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what are they saying about this? >> this is a classified report that was based on about 4,000 interviews with everyone from senior taliban to low-level, some al-qaeda fighters mixed in, foreign fighters. these were all people captured by the international security forces there in afghanistan and interviewed over the course of last year. it shows the taliban as a whole to be very confident. their thinking is come 2014, they will be back in power in afghanistan and will win, so to speak. it also shows that a lot of the taliban don't really trust pakistan. they feel pakistan is manipulative but they don't see any other area to get help so they go along and they take pakistan's aid, and that some of the senior taliban officials are still being given safe harbor there in pakistan. brooke? >> what about the ultimate goal of getting out of afghanistan?
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does this mean we're even further away from reaching that target? >> yeah. when you look at it, you know, there has been some talk about, you know, the afghan saying that they may meet the taliban for some negotiations in qatar. a taliban spokesman put out a word just recently, in the last day or so, saying that's not true. they respect the idea of negotiations but they have no plans to do so at the time. so still -- hard to say on that. you know, meanwhile, u.s. officials have saying about this report, this is some of the most ruthless people involved. they're sort of downplaying it. one u.s. official told us this is more comments than intel. there's been no analysis of what some of these people are saying, and, of course, pakistan is still saying, you know, they're not aiding the taliban directly. brooke? >> of course. of course, they're saying that. chris lawrence, thank you so
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much. now on to reporter roulette. this is the first step on to you maybe owning a piece of facebook. but let's not get too far ahead of ourselves. felicia taylor is live at the stock exchange. there is so much talk about this. what is facebook actually expected to do today? >> well, brooke, we started to hear rumors really early this morning that facebook was getting ready to file the paperwork required to launch an ipo. then the process actually begins, and it can take several months. they go on what they call a roadsh roadshow, which is basically advertising facebook, although i don't think there is anyone out there who doesn't understand the magnitude of facebook. they are seeking to raise about $5 million in this offering. we could find out what the particularer m ticker symbol will be, where it's going to trade, and what it's worth. we'll have to wait until after it actually starts trading.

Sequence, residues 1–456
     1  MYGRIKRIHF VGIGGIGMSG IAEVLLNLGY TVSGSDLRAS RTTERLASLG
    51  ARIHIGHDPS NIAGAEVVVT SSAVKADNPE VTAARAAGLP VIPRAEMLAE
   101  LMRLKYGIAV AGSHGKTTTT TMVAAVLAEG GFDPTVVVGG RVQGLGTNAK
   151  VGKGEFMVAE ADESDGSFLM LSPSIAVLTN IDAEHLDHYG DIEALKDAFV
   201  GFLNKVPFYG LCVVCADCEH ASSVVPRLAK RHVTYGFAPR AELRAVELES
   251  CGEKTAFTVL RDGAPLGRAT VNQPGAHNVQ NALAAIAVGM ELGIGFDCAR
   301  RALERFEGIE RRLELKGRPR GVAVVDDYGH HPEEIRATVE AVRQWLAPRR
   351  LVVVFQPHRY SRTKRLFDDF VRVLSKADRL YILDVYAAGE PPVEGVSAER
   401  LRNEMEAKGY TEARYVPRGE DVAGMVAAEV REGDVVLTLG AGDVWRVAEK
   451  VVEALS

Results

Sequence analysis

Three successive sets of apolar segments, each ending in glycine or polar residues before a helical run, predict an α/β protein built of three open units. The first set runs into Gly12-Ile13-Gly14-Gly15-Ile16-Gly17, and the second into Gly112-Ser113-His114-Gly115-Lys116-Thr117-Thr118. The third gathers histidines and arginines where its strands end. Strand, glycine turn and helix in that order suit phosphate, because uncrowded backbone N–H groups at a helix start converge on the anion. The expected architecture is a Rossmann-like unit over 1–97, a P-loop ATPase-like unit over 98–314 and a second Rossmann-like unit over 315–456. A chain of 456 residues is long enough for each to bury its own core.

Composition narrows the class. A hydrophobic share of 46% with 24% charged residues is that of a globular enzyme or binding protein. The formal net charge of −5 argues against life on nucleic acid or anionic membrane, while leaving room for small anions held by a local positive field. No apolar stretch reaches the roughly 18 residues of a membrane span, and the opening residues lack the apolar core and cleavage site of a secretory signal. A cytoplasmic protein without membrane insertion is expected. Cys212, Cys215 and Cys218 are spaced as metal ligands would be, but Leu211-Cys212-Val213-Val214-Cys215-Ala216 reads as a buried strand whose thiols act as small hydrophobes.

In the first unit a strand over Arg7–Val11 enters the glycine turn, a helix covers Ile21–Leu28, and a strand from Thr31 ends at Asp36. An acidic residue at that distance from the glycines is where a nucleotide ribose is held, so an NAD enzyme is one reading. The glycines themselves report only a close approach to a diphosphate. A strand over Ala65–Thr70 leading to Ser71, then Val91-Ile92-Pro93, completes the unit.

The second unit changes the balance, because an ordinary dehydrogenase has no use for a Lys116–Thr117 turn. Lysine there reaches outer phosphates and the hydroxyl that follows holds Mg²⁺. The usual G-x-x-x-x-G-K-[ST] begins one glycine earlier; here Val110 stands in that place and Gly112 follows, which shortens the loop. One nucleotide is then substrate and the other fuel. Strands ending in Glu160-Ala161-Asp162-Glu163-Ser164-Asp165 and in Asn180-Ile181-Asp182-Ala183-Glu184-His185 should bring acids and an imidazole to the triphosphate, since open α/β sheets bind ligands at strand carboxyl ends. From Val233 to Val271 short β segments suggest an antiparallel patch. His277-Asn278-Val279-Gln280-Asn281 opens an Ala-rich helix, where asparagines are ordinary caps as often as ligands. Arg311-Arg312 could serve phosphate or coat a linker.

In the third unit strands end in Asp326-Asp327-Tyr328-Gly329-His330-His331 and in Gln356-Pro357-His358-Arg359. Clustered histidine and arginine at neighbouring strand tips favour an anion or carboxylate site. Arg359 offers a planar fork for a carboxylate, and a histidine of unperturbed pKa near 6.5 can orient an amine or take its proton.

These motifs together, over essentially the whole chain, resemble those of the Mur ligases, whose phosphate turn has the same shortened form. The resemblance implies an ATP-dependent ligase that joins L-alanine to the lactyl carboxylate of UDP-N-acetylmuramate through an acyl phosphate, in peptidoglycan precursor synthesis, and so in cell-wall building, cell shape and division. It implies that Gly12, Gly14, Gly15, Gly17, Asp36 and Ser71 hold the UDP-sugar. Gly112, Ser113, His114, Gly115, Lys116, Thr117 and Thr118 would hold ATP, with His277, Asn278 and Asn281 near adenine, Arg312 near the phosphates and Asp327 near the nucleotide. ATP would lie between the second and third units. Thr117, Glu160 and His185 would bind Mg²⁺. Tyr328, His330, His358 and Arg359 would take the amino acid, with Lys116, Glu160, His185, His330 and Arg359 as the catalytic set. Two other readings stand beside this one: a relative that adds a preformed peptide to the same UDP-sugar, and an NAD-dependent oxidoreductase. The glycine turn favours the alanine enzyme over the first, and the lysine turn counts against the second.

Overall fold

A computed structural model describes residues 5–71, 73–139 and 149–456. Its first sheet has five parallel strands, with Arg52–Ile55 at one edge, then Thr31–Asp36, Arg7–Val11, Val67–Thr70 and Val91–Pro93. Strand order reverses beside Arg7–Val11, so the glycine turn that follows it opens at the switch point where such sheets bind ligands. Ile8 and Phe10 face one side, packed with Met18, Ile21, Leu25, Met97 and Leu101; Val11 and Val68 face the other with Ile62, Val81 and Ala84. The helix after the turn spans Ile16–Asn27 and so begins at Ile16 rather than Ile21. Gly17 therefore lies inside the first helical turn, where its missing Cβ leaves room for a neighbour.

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analysts estimate that its value is somewhere between 75 and $100 billion. not bad for a company that didn't even exist eight years ago. that valuation would make it worth more than iconic companies such as walt disney and general motors, both of which have been around for a very long time. brooke? >> wow. so people sitting there thinking, how can i get in on this? how long before individual investors can maybe even own facebook stock? >> yeah. well, this is kind of an interesting one, in particular with facebook. one trader told us earlier he expects facebook to include everyday people in the offering. after all, it's people like you and me who make facebook the value of it, what it actually is. we're the users of it. mark zuckerberg is ceo, he's known for doing things differently. he's not going to kowtow to wall street on the average way to introduce an ipo. usually the average investor gets shut out at the ipo price.
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big investors usually snatch up the first offering. it could be between 48 and $200 a share. w i have no idea, though. you can compare it to other names. yahoo at $15, linkedin at 72. google which opened at $18 is now at $583. a lot of people are betting that facebook could be the next google and they don't want to miss out on it, but it will be interesting, there is also discussion out there that maybe zuckerberg will give every person who is a member of facebook a share. but we have no idea. these are still rumors that are swirling around. >> seems like maybe the fair thing to do since we're helping him out, but who knows. thank you so much. i want to move along. we're just getting some breaking news in to us here at cnn. this is out of egypt. dozens are reported dead as
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riots are break out over a soccer game. we're going to take you live to cairo for more of the news, next. vacations are always wasn'ta good ideaa ♪ priceline negoti - - no time. out quickly. you're miles from your destination. you'll need a hotel tonight we don't have time to bid you don't have to bid. at priceline you can choose from thousands of hotels on sale every day. save yourself... some money
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history. we understand that after these next to the mediterranean, the fans next to the club went on the pitch and became involved with violent clashes with fans of the other team in cairo. we understand 73 dead, at least 200 wounded. of course, these are just initial figures. we understand there are 90 ambulances on the scene at the hospitals in port siaga. they are completely overwhelmed by this bloodshed. certainly this is indicative of the kind of security vacuum that has occurred in egypt since the revolution. since the revolution, really, the police have never returned to the streets of egyptian towns and cities in the kind of numbers they were on the streets